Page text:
• Now, adjust the amperage and type of current flowing through the welding machine based on the technique of TIG welding performed.
    • Then, you can turn the welder ‘ON’ and place the foot control in the area which is comfortable for you.
    • Press the foot control and strike the arc gently.
    • A puddle will be formed now, and then add the filler rod to the leading edge.
    • Make sure that you do not contaminate the tungsten electrode and hence move the TIG welding torch back to the puddle when the filler metal is added.
    • It is always recommended to clean all the metallic surfaces and joints respectively. It involves processes like scraping, grinding, brushing, and wire brush treatment. The material used for the wire brush must be the same as that of the welding metal.
    • You should not use metals over ¼ inches thickness of any metal except for magnesium and aluminum. Similarly, metal has less than 3/16 inches does not need any edge preparation.
    • But if the thickness of metal used is over 3/16 inches, then ground or machined edges can help in proper bead penetration.


TIG Process Joints

  • Square-Butt Joint:

    The tungsten electrode must be moved along the centerline of metal to be welded. The recommended angles for TIG welding square-butt joint are:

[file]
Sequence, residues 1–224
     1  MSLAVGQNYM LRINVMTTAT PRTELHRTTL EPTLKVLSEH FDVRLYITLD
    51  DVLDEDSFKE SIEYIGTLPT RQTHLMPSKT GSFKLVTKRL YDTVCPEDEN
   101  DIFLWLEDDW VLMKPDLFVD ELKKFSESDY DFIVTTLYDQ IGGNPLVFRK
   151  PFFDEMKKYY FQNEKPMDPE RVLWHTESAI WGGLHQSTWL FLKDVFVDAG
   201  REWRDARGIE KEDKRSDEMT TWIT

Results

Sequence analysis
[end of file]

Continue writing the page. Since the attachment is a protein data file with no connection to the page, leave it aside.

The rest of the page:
• 20-30-degree electrode angle
    • 90-degree work angle
    • 60-70-degree dray angle

    Hold the tungsten electrode about 1/8 inches above the base metal and strike the arc. Once you see the weld puddle formation, add filler to the higher edge of the puddle, and then move the end forward as much as possible.

  • T-Joints & Lap Joints:

  • Flat Position Welding:

    • Tack welding the base metal for every 3 inches is necessary if you are welding in a flat position and have lap and T-joints. Moreover, joints are to be made in a flat position only.
    • The work angle for the torch is either a 60-70 degree drag angle or else a 10-20-degree work angle.
    • You must point the electrode along the horizontal edge to weld instead of the vertical edge. You may strike the arc now for the formation of the weld puddle.
    • A “C” shaped weld puddle will be formed and this signifies that both the edges of the metal are melting together.